“What type of world do we want to live in?” is the question at the center of any political debate as potential voters evaluate the victories and shortcomings of those aspiring for the honor to govern. Rather than turning 2020 into a referendum on defeating President Donald Trump, each Democratic candidate has embraced an array of policies they believe will drive their worldview forward.
Some—like frontrunner Joe Biden—believe Trump is an aberration to the political process that can be corrected with moderate reform, while others—such as progressive darling Bernie Sanders—view his presidency as the inevitable outcome to the type of Darwinian capitalism practiced in the United States, which only an overhaul of the system can solve. While many candidates fought for their policy preferences on a local level, out of either political expediency or idealism, they have had to reverse course given the changing direction of the party—as has been the case with Kirsten Gillibrand’s past predilection toward firearms, and Kamala Harris’ record as California’s Attorney General. Others like Elizabeth Warren don’t have enough of a proof of concept for bold ideas, or lack bold ideas altogether—looking at you, Beto O’Rourke.
Here is a rundown of some of the leading candidates’ policy weaknesses before they step on the debate stage Wednesday and Thursday night.
With the longest political career out of any of the Democratic candidates, Biden is particularly vulnerable. Earlier this month, the frontrunner drew condemnation from many within his own party after recommitting himself to the Hyde Amendment—a measure preventing the government from funding abortions. Biden’s campaign later reversed its position, saying “circumstances have changed” and that it was time to repeal Hyde given conservatives’ attempts to ban abortion in Alabama and other states. The message was not exactly reassuring to reproductive health advocates, and the candidate will likely face further questions on his past support for legislation which would have outlawed late-term abortions and allowed states a legal avenue to overturn Roe v. Wade.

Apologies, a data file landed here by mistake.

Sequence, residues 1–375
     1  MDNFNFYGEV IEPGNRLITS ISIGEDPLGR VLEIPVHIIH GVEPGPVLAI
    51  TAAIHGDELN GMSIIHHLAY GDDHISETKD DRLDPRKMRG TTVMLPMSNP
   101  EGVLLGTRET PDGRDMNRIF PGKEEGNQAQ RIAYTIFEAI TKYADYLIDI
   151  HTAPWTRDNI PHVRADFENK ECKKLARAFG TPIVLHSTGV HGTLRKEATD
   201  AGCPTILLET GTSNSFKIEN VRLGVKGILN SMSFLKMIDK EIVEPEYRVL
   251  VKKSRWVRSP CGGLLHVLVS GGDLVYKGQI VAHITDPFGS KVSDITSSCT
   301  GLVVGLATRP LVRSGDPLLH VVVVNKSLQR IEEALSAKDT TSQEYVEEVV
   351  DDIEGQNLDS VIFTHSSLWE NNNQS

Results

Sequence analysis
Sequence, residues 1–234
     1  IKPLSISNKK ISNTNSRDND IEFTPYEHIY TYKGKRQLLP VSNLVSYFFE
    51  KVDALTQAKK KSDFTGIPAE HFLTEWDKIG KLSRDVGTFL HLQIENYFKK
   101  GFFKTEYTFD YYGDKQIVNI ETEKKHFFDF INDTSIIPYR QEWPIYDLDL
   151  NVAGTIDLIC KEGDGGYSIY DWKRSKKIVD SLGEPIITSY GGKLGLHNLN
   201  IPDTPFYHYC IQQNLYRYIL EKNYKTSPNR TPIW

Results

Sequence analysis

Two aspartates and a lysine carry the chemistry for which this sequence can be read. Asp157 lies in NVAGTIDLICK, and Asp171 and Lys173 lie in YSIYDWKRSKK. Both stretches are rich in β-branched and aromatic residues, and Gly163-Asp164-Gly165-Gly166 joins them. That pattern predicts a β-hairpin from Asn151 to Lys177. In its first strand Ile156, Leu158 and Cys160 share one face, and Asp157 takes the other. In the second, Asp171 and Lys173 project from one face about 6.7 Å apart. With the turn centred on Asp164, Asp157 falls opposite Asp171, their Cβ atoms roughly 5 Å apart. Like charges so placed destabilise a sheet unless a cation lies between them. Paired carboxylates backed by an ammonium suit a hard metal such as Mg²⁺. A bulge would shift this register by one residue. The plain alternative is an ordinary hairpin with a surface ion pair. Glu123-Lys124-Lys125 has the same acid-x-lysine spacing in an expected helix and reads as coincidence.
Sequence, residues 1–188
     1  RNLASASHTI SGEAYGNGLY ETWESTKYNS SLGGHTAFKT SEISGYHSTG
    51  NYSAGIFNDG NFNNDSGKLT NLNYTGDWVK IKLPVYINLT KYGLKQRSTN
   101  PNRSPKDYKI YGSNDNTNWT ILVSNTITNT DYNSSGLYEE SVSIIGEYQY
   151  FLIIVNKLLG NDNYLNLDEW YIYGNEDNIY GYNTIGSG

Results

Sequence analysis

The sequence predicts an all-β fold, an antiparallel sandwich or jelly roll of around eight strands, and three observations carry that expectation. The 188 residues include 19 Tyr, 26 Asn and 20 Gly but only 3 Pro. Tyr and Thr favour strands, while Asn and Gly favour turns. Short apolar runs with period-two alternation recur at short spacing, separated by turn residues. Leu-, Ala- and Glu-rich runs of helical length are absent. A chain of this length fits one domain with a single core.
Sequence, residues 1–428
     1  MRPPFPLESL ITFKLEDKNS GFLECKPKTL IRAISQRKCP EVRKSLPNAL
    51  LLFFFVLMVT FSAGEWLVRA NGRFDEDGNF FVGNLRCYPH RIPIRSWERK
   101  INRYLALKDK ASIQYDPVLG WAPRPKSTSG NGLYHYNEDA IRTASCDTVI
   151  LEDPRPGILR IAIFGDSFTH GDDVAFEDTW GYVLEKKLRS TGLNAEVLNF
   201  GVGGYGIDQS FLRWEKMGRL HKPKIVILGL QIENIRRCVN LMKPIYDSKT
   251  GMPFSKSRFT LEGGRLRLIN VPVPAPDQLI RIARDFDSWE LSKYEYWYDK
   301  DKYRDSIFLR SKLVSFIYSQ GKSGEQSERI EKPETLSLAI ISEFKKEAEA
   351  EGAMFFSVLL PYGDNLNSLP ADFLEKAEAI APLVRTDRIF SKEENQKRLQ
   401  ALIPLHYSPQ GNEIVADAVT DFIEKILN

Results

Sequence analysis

Biden’s support for the 1994 crime bill has also been rebuked by many progressives for the legislation’s role in worsening mass incarceration in the United States, and that segregationist lawmakers played a hand in shaping its policies. At a time when Democrats are pushing for further criminal justice reform and studies on reparations, Biden’s role in overhauling crime laws during the ’80s and ’90s seems more to the right of the Trump administration, with the current president signing into law a significant criminal justice reform bills last year.
Like Biden, Bernie Sanders also backed the 1994 crime bill. Though he has since cited policies in the legislation favorable to Democrats, like the federal ban on assault rifles and Violence Against Women Act, he has largely gone unchecked. Although many of Sanders’ supporters, including activist Shaun King, have laid the blame on Biden for shepherding the bill, Democratic candidates could point to the Vermont senator’s past support of the bill as evidence that his voting record is not as progressive as he claims.
Sanders also told Vox during the 2016 election that open borders were a “Koch Brothers proposal.” As Trump continually equates open borders with all types of immigration (legal or otherwise), the remark seems out-of-touch with a party fiercely opposing the White House’s policies on the issue.
From private prisons to student loan debt, Elizabeth Warren seems to have a policy proposal for everything. When it comes to foreign policy, however, the Massachusetts senator lacks serious credentials. Although she published an op-ed for Foreign Affairs in January assessing the diseases of the liberal international order, her remedies are not consistent. Just a month after telling Huffington Post earlier this year that she was opposed to sanctions on Venezuela, Warren told the Pod Save America podcast that she supported the preventive measure and that it was time “to turn the dial” up on President Nicolás Maduro’s regime.
Many of Warren’s economic policies are also seen as overwhelmingly favoring wealthy families. After the candidate released her plan for universal college, The Washington Post published an editorial calling the initiative “a sweeping bailout for the middle-class and above.” The Brookings Institution, meanwhile, found that almost half of the estimated $640 billion of student debt she has promised to forgive would benefit the top 40 percent of earners, or households making at least $67,847 a year.
As San Fransisco’s district attorney, Kamala Harris opposed legalizing marijuana and establishing independent investigations for instances of police misconduct. Although she reversed her stances on both these issues, the latter as of just last month, her record as a “tough on crime” prosecutor has been attacked by many civil rights activists.